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Reports: UK businesses fail to protect their innovation

A surprisingly low number of UK businesses protect their valuable innovations through patents, a recent report from the Intellectual Property Office has revealed. Only 17% of companies protect their ‘most valuable innovation’ with a patent according to the European Commission Community Innovation Survey contained within the report.

This remarkable finding is supported by the latest HMRC Patent Box statistics released last month. It highlighted that the scheme designed to financially support innovative companies is still relatively underused with just over 1000 claims made so far from a total of around 130,000 innovation active companies in the UK.

So why would companies not take advantage of these opportunities? There are a number of findings which indicate why UK business owners are still missing out on the opportunity to both protect and profit from their IP.

Cost identified as largest barrier to patent for small businesses

Costs related to the patenting process were identified as the largest barrier to acquiring a patent for small firms, with one in five reporting their decision not to patent was due to costs being too high (compared to 7% of medium-sized companies and just 3% of large companies).

With, in our experience, a patent costing as little as £5,000 and be granted in as little as 9 months it would seem this is a perception worth challenging. If a business then elects into the Patent Box scheme, they are able to pay a reduced Corporation Tax on profits from the patented item for the lifetime of the patent, up to 20 years. Considering the average Patent Box claim was worth £55,000 to SMEs last year, it’s certainly worth investigating. Take a look at our Patent Box page to see how we could help you take advantage of the regime.


SMEs are as motivated as large companies to protect their innovations

The report acknowledges that firms innovating on a larger scale may have more opportunity to patent driven by a higher quantity of innovations in production. But the survey revealed that there is no significant difference in the motivation to patent between large and smaller companies.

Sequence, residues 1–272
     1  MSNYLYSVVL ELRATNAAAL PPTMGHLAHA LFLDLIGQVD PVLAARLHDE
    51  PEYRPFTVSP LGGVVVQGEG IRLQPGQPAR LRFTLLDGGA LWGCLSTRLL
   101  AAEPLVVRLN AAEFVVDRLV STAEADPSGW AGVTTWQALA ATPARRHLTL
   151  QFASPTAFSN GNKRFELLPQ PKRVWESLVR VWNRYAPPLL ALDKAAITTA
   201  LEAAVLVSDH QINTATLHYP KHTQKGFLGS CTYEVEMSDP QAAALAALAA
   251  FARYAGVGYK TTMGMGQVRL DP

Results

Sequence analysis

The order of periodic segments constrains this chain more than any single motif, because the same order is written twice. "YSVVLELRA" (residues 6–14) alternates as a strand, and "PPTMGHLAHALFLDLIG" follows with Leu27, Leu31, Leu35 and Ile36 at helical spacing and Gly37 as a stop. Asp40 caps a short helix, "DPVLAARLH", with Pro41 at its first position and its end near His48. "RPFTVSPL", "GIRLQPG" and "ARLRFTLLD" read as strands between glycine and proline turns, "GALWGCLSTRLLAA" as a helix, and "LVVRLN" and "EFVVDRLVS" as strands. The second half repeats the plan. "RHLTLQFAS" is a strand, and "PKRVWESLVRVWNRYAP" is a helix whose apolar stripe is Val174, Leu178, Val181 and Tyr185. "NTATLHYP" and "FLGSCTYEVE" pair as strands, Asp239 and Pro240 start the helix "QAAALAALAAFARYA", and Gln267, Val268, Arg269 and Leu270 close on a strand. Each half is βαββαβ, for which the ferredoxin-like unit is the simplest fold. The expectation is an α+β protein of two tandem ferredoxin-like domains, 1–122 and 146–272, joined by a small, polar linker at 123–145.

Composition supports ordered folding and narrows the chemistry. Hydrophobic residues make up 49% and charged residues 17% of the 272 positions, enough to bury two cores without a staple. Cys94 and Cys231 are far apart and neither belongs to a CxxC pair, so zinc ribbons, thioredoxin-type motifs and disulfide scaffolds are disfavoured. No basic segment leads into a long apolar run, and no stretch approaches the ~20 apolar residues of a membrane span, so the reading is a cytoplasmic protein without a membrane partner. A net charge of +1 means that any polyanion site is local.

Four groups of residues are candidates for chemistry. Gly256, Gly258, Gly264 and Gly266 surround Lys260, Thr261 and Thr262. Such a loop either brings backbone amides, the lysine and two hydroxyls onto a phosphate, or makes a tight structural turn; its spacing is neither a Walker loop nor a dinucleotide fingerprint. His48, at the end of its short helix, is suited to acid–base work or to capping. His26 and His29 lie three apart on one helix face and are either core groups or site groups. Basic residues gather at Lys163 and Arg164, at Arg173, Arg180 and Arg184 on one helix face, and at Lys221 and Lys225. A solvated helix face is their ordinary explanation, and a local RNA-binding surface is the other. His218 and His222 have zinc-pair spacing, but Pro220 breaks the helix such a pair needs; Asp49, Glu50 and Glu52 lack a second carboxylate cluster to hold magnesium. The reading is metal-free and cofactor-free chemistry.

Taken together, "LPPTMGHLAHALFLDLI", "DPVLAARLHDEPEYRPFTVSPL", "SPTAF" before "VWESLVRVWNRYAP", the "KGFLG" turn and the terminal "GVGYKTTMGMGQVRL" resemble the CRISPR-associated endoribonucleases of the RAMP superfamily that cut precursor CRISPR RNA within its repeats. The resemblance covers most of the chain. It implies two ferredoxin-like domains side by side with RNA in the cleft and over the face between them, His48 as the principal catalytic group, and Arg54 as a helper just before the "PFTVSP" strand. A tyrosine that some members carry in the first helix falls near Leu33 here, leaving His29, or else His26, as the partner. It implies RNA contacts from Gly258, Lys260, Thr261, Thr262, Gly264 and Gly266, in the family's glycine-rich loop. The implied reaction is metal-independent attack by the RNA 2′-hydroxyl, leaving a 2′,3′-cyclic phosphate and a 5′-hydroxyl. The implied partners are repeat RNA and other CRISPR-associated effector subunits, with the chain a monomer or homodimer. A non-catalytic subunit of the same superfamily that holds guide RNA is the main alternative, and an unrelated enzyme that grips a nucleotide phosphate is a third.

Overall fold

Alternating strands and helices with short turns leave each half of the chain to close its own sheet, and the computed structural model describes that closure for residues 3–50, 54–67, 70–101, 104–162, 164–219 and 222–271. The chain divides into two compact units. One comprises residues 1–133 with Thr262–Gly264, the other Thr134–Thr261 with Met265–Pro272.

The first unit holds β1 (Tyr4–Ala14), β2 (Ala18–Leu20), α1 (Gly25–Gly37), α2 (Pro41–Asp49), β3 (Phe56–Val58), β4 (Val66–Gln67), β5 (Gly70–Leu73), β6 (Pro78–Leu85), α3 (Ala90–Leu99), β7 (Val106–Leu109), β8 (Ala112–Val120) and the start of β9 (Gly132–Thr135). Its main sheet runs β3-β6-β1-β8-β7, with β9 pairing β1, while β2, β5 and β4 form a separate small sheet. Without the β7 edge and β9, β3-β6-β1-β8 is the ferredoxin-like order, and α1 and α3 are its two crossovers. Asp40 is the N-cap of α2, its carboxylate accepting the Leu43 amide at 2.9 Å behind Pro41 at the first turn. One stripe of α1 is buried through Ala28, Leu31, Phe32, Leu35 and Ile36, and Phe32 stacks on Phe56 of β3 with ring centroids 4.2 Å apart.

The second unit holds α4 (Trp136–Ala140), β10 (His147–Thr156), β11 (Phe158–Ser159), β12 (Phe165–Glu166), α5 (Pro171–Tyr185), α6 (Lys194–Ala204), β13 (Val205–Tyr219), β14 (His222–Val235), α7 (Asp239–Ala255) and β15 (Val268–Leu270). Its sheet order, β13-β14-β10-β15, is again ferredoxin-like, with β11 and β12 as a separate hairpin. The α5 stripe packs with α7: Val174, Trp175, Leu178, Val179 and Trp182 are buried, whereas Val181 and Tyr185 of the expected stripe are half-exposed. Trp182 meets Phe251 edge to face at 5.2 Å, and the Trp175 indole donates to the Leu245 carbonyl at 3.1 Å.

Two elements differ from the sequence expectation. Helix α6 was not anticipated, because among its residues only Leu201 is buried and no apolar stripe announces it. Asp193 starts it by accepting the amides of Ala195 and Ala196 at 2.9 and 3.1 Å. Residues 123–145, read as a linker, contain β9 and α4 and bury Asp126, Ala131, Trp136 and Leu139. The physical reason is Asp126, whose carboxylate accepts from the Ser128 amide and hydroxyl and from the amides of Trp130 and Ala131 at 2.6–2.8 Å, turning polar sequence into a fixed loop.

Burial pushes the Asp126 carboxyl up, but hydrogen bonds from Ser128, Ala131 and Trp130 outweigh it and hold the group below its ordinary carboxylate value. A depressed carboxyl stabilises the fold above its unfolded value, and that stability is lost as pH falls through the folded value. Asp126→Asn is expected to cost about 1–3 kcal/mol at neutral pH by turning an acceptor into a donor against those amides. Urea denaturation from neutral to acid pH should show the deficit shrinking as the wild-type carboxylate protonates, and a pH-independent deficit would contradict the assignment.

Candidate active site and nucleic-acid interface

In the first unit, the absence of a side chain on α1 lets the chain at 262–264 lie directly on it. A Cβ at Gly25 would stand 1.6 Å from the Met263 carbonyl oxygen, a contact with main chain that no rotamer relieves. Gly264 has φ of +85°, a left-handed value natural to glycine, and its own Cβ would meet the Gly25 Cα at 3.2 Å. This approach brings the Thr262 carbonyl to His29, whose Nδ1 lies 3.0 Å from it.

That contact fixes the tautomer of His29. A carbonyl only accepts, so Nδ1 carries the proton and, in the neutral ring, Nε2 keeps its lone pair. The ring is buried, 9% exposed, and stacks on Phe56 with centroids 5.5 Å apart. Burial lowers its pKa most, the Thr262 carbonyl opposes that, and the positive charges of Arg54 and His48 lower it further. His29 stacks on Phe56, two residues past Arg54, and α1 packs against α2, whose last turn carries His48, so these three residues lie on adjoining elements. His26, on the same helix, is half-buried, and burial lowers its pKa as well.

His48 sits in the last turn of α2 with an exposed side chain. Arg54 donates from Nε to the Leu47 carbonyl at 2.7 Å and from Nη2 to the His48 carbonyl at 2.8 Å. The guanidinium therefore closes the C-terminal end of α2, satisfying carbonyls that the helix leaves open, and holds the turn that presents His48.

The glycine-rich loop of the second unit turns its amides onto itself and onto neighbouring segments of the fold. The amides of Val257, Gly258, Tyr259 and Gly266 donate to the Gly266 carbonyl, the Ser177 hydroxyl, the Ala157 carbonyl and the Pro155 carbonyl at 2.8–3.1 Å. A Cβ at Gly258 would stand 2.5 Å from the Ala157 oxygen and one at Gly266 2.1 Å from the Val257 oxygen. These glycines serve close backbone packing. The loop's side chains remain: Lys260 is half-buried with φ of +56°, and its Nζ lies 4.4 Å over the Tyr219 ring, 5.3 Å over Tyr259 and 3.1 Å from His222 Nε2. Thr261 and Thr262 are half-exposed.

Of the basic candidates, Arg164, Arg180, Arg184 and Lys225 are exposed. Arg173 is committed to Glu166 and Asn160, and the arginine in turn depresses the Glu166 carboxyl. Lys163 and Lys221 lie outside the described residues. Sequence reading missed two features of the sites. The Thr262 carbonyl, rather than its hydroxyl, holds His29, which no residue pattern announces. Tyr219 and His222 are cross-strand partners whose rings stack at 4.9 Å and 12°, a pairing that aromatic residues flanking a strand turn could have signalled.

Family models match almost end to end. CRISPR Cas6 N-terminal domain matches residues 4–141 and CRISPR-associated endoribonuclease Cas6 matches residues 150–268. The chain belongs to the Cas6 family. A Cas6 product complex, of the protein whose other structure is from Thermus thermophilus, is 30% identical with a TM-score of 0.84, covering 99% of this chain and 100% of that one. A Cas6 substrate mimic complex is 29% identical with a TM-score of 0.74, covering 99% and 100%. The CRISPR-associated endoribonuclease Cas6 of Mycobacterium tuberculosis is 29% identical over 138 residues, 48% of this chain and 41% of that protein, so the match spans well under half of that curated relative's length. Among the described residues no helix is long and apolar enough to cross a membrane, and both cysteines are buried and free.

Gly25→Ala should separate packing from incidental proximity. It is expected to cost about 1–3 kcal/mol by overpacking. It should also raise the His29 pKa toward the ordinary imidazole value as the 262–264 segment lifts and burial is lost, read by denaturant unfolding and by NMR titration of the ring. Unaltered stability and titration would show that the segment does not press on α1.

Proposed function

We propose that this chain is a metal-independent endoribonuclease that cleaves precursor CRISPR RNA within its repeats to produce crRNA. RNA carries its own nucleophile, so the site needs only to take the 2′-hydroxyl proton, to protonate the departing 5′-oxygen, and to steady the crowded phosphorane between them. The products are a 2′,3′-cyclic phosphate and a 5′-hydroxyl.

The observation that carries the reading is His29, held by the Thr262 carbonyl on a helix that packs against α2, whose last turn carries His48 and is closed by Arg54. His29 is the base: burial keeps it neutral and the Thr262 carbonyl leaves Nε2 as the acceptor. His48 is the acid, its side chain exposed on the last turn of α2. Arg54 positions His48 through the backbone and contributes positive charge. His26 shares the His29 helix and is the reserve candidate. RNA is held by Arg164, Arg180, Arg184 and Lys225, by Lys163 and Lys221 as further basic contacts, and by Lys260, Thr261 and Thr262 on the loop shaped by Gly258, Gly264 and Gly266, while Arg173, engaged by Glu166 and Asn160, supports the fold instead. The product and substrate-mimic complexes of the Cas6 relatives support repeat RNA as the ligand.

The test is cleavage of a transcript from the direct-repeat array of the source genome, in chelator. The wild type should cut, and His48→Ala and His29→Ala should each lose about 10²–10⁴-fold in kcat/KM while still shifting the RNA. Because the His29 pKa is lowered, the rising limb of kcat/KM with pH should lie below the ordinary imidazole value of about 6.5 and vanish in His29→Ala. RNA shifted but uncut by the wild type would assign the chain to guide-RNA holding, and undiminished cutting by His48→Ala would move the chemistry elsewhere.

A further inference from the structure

Interestingly, the data showed that during the period in question, the innovation deemed ‘most valuable’ by companies accounted for almost 60% of overall innovative sales for SMEs, and around 25% for large companies. This statistic highlights just how valuable a Patent Box claim against these products could be. As Patent Box is a profit-based regime, the Corporation Tax reduction is against worldwide revenue from the patented product – so the higher the profits from the product, the higher the Corporation Tax saving.


50% of innovating companies deemed their innovation “not patentable”

The survey also highlighted that many businesses aren’t aware that they could patent their innovation; 50% of respondents believed their innovation could not be patented. Criteria for patenting are broad; an innovation does not need to be technological to qualify – HMRC dictates that to be granted a patent, your invention must meet the following criteria:

  • It must be something that can be made or used
  • It must be a new product
  • It must be inventive; not a simple modification to something that already exists

Interestingly, the fear that patents would disclose too much was the least popular reason for not patenting, with just 4% of votes.

We work closely with patent attorneys who are able to advise on the feasibility of a patent, so get in touch to find out if you should be patenting your innovation. Equally, the Patent Box regime is designed to complement the R&D Tax credit scheme. With over £1 billion in tax benefits claimed last year, it’s worth a conversation.


Read the full IPO report here.